Belt beats Royals' shift with first bunt hit of career
Infield single, hustle to tag up on flyout spark Giants' offense in Game 5
By Ryan Hood
SAN FRANCISCO -- All of that open space has to look tempting.
Shortstops and third basemen shifted way to the right, leaving enough open space to the left of the pitching mound to drive a monster truck through. And yet, hardly anyone ever tries to take advantage by dropping a bunt down the line. Those moves are typically more reserved for video games, not actual ones.
Hunter Pence led off with a single, which brought Belt to the plate. As they have been doing throughout the Series, the Royals put on the shift. According to MLB.com's Statcast, Mike Moustakas was 93 feet to the left of his usual spot alongside third base, which left shortstop Alcides Escobar as the lone Royal between second and third base.
"They were giving me that whole area over there," Belt said. "They've been shifting on me, so I wanted to open the field back up for myself. I figured that was a good opportunity."
Good opportunity, even better execution.
Belt bunted the first pitch from James Shields past the Royals pitcher, to his right. Caught off guard, Escobar had to run in 51 feet to barehand the ball, according to Statcast. His throw across the infield was not in time, and the Giants had runners on first and second with nobody out.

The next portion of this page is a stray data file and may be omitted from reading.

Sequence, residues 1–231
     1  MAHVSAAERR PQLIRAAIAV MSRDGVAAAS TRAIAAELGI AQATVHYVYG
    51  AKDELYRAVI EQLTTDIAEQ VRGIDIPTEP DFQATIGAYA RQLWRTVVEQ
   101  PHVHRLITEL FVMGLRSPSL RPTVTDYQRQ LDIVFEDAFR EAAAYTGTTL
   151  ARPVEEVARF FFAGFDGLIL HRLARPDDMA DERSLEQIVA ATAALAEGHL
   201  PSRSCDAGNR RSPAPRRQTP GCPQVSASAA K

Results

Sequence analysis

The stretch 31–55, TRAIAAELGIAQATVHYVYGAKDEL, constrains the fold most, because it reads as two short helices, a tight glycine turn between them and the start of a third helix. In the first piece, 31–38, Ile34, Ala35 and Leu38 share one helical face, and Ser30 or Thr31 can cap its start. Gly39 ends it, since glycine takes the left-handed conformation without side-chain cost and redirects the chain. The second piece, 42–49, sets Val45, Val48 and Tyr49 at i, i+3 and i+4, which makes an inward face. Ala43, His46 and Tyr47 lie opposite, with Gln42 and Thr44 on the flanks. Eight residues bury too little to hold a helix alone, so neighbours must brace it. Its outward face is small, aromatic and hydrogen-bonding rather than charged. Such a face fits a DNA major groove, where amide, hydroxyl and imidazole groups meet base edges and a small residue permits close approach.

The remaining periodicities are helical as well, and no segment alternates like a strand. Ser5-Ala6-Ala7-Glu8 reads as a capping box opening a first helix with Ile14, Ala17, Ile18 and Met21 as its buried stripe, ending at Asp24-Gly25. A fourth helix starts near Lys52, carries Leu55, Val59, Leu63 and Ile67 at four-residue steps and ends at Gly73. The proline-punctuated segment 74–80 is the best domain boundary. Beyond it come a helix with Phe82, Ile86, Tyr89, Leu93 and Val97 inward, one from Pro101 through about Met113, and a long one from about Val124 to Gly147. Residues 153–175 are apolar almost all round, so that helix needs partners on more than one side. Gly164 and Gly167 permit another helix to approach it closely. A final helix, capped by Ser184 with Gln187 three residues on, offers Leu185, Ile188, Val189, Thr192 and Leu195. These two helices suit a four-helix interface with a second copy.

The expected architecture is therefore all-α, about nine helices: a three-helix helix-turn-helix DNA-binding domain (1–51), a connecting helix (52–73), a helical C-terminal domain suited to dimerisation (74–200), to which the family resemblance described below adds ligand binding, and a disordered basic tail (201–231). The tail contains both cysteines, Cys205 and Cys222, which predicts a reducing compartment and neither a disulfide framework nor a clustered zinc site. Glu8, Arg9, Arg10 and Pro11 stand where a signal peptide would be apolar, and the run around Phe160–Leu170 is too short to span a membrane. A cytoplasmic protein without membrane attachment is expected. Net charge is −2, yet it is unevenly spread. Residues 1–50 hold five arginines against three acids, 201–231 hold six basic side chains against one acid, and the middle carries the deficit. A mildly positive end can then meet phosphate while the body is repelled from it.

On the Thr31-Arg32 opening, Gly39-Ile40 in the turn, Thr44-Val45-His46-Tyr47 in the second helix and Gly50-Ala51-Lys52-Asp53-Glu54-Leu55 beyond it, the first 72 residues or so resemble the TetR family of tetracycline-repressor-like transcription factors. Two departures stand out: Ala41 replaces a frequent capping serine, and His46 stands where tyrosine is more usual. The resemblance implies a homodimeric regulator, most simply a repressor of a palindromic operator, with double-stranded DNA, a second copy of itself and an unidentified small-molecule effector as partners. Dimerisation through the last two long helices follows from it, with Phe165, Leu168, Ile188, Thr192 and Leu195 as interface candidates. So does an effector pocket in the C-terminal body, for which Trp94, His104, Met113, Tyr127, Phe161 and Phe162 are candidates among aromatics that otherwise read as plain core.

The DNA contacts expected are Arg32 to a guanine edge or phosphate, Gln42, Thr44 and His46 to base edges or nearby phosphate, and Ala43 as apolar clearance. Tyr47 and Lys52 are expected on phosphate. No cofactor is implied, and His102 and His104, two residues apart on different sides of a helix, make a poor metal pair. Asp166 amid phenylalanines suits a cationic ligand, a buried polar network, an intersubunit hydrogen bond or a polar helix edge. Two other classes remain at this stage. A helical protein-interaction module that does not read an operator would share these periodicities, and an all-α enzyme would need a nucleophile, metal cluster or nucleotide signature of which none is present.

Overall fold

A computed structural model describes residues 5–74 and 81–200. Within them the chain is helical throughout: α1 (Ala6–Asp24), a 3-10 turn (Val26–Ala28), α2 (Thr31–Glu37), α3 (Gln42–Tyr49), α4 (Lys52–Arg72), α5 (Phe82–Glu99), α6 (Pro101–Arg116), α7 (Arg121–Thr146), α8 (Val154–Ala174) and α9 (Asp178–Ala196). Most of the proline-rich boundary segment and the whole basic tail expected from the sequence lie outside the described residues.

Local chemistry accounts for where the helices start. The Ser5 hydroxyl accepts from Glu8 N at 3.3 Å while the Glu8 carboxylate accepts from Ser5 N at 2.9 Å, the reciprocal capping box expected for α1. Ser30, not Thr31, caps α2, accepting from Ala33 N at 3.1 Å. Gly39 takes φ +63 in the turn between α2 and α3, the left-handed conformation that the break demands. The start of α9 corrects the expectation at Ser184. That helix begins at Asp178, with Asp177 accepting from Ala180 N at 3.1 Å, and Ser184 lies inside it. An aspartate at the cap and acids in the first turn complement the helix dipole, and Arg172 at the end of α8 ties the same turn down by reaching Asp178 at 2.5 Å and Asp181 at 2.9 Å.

"It did give me a little bit of heartburn since I'm not the best bunter in the world, but fortunately I looked back to my college days and I got it done," said Belt, who had never bunted for a Major League hit and who has just one sacrifice bunt on the back of his trading card.
"It's something we talked about," manager Bruce Bochy said. "They put a shift on you, and they're going to give you the bunt, take it. He was working on it. It's the first one he's gotten down. He laid a beauty down there.
"So he's a guy they shift on. The best way to beat that is lay a bunt down occasionally, and he did it tonight."
What proved to be the game's winning run wouldn't have been possible if not for the Giants' slick maneuvers on the basepaths in the game's next at-bat.
Travis Ishikawa flied out to Jarrod Dyson in center, and instead of just Pence tagging up, as would usually have been the case, Belt also advanced a base. One out, runners on second and third. Brandon Crawford then grounded out to Omar Infante at second, which likely would've been an inning-ending double play if not for the previous advancement.
Instead, the Giants were on the board, and with Madison Bumgarner on the mound, well on their way to a 3-2 Series lead.
"That's what's gotten us here, just getting people on base and putting pressure on the other team," Belt said. "When you put the ball in play, stuff happens."
Doing those little things right has had a big hand in the Giants being one win away from yet another rather large party outside City Hall.
Ryan Hood is an associate reporter for MLB.com. This story was not subject to the approval of Major League Baseball or its clubs.